The chief law enforcement officer responsible for safety at Florida’s Marjory Stoneman Douglas High School has become an unlikely political lightning rod two weeks after a mass shooting there claimed 17 lives, with his department coming under intense scrutiny for its handling of the attack.
Republican lawmakers have called for Broward County Sheriff Scott Israel to be suspended from his job for his department’s failure to follow up on warnings about the alleged shooter and its delayed response to the school on Feb. 14 after gunfire was reported. Gov. Rick Scott (R) has asked the Florida Department of Law Enforcement to open a review of the sheriff’s performance. And new scrutiny has been placed on the admitted failures of the Broward sheriff’s office in responding to a separate 2017 mass shooting at the Fort Lauderdale airport.
Concerns about Israel’s leadership included a new account from the school resource officer who was the first to respond to the shooting. Former deputy Scot Peterson on Monday took issue with the sheriff’s description of his failure to confront the shooter during the attack, denying Israel’s charge that he knew the gunman was inside and instead took up a defensive position while students and teachers were killed.
In a statement released by his lawyer, Peterson said he “heard gunshots but believed that those gunshots were originating from outside of any of the buildings on the school campus.”
President Trump called Peterson — who retired after Israel suspended him — a “coward” on Monday. Both Israel and Trump have said they would have acted differently in Peterson’s shoes. “I really believe I’d run in there,” said Trump, “even if I didn’t have a weapon.” The Broward sheriff’s office declined to comment on Peterson’s account.
The attacks on Israel come at a politically tumultuous moment in Florida, as Republican lawmakers move forward with new gun-control proposals, including an increase in the minimum age for the purchase of all guns to 21, that are opposed by the National Rifle Association.
The gun rights lobby has highlighted the failures of law enforcement in its response to the shooting, arguing that there were many missed red flags that could have prevented it. Both the FBI and local law enforcement — including Israel’s office — were told before the attack that the alleged shooter, Nikolas Cruz, posed a danger to schools. In the months before the shooting, callers urged officials to investigate, saying that Cruz was unstable, had weapons, and was a real threat. Though Cruz was well-known to law enforcement, he had never been arrested and there was no known effort to remove his guns.
Peterson’s failure to enter the high school building during the attack played a central role in a letter sent Sunday by Florida House Speaker Richard Corcoran, a likely Republican candidate for governor, calling for Israel’s immediate suspension for “incompetence and neglect of duty.”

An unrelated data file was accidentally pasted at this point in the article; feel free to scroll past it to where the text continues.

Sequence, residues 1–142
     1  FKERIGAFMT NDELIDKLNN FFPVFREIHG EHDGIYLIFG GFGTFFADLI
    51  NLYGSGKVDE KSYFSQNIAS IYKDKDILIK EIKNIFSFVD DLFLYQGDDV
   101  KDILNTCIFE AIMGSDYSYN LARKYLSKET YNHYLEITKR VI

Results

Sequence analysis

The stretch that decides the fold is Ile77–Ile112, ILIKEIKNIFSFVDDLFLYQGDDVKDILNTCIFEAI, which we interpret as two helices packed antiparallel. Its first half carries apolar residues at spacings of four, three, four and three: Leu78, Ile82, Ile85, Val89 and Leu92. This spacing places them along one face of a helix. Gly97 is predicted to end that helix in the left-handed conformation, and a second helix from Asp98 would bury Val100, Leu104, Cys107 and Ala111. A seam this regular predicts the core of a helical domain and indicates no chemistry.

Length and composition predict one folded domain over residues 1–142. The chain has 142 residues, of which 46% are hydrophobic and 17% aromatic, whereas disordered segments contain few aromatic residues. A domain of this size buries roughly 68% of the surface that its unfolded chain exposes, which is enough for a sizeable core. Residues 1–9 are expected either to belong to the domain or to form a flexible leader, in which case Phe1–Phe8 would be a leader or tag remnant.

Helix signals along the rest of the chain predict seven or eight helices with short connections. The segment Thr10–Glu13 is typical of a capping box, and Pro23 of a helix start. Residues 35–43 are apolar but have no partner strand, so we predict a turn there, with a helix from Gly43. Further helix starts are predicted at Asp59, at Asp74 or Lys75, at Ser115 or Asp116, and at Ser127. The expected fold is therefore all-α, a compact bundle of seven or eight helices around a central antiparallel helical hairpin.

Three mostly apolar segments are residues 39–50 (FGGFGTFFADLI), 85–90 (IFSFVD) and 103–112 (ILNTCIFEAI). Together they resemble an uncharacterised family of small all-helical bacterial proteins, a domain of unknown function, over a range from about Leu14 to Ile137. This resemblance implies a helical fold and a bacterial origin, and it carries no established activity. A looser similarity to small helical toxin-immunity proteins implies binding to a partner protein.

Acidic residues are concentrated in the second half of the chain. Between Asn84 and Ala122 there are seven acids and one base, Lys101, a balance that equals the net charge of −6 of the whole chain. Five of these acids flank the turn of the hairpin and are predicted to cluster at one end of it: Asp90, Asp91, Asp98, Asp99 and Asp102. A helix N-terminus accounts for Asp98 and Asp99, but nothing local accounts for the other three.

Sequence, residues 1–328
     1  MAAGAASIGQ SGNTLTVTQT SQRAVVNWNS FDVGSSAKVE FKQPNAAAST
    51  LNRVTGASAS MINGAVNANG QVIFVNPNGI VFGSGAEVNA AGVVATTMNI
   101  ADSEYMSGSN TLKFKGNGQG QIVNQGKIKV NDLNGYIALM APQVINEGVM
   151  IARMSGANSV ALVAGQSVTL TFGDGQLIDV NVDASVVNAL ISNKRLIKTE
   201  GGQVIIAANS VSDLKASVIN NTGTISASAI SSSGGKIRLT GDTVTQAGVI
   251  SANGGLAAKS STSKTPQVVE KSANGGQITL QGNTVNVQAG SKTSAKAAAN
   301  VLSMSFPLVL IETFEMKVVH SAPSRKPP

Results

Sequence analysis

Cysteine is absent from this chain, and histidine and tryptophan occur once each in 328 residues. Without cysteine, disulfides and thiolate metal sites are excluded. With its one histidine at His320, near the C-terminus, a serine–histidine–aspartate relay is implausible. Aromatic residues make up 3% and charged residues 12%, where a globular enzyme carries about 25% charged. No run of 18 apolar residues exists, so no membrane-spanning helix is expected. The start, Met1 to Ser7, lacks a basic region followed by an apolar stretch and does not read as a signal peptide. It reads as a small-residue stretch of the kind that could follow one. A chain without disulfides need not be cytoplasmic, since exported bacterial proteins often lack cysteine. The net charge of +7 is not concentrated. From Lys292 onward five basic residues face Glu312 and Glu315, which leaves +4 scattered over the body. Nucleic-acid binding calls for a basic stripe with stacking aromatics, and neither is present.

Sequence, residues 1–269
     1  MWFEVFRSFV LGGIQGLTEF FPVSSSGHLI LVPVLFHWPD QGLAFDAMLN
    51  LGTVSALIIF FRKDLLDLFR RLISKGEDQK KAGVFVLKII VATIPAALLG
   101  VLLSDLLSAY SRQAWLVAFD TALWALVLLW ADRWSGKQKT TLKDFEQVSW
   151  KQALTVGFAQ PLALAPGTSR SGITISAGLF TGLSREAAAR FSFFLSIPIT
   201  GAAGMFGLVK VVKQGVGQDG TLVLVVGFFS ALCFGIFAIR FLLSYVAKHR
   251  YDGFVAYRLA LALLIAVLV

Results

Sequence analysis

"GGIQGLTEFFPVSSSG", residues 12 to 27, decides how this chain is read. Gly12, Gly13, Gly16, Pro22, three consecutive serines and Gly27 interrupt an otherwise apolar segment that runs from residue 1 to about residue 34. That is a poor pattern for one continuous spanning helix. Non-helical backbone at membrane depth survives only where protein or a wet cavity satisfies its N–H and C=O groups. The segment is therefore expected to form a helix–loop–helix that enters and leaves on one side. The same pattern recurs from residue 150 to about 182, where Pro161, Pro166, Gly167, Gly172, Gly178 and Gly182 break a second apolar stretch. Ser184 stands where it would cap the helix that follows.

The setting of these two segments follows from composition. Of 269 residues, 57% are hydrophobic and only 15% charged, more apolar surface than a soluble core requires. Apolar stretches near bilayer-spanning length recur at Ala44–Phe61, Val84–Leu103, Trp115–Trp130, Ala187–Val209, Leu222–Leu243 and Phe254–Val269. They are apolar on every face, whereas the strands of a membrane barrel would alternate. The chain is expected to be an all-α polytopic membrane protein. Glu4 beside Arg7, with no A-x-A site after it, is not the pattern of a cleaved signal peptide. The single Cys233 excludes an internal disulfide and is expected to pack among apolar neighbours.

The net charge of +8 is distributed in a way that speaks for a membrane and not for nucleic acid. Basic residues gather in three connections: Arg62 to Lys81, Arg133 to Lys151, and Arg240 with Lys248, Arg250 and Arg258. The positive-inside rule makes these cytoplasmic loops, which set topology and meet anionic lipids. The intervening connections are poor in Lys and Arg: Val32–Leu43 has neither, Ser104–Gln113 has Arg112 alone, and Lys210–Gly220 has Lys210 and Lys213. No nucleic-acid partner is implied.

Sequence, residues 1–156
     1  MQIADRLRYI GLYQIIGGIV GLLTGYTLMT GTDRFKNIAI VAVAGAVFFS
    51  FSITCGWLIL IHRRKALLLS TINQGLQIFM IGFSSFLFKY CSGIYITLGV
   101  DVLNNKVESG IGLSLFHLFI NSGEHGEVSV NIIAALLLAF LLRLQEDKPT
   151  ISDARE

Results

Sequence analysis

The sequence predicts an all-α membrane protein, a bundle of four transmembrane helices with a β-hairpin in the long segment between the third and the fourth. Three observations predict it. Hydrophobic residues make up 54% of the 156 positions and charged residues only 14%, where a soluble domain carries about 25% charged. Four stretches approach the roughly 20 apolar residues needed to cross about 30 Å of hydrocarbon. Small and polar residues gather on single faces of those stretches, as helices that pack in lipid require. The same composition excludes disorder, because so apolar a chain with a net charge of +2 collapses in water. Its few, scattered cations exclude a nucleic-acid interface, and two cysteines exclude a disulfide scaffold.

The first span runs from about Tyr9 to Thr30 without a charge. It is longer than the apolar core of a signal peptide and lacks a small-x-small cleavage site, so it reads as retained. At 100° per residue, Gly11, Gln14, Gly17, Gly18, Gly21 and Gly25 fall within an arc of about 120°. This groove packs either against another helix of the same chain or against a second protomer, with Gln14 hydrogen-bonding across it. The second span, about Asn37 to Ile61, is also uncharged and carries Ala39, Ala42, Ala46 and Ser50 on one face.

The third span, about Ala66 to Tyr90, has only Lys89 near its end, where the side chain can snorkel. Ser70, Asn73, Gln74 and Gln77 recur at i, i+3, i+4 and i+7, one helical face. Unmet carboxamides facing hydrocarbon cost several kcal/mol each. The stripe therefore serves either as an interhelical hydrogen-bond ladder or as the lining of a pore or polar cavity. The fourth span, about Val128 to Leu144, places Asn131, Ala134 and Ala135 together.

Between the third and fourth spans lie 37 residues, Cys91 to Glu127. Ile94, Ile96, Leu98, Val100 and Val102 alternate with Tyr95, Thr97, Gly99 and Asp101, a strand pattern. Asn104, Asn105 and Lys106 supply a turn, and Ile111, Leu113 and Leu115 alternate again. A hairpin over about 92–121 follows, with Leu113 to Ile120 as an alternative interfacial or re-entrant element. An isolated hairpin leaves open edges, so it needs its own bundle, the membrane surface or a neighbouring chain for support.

“Sheriff Israel failed to maintain a culture of alertness, vigilance and thoroughness among his deputies,” Corcoran wrote in a letter signed by 73 other Republican members of the Florida House. “As a result of Sheriff Israel’s failures, students and teachers died.”
Israel has publicly refused calls for his resignation. “I can only take responsibility for what I knew about,” Israel said Sunday in an interview with CNN. “I’ve given amazing leadership to this agency.”
Some believe political considerations could be a factor in the criticism of Israel, who is publicly elected to serve as sheriff in Broward County, which has nearly 2 million residents and is Florida’s second-most-populous county.
“The sheriff is a big Democratic vote-getter in the most liberal county in the state,” said Republican political strategist Roger Stone, a longtime associate of Trump who worked with Israel in his most recent campaign for sheriff. “The speaker is running for governor. There are many people in the Republican base who are upset with the sheriff. This is getting partisanized to some extent.”
The scrutiny represents a whiplash turnabout for Israel, who played an unusually public role in comforting the community and rallying a bipartisan legislative response immediately after the attack. He spoke with Corcoran and other legislative leaders during tours of the school in the days after the shooting.
At a CNN town hall last week, Israel praised the surviving students for their public activism to prevent future mass shootings, encouraging their efforts to push what he called “sensible gun control laws.”
“I’m an honest sheriff. Honesty means when you get it right we talk about that and when we are not successful we talk about that,” Israel said to students before the town hall on Feb. 21. “My generation, we did not get it done. You will get it done.”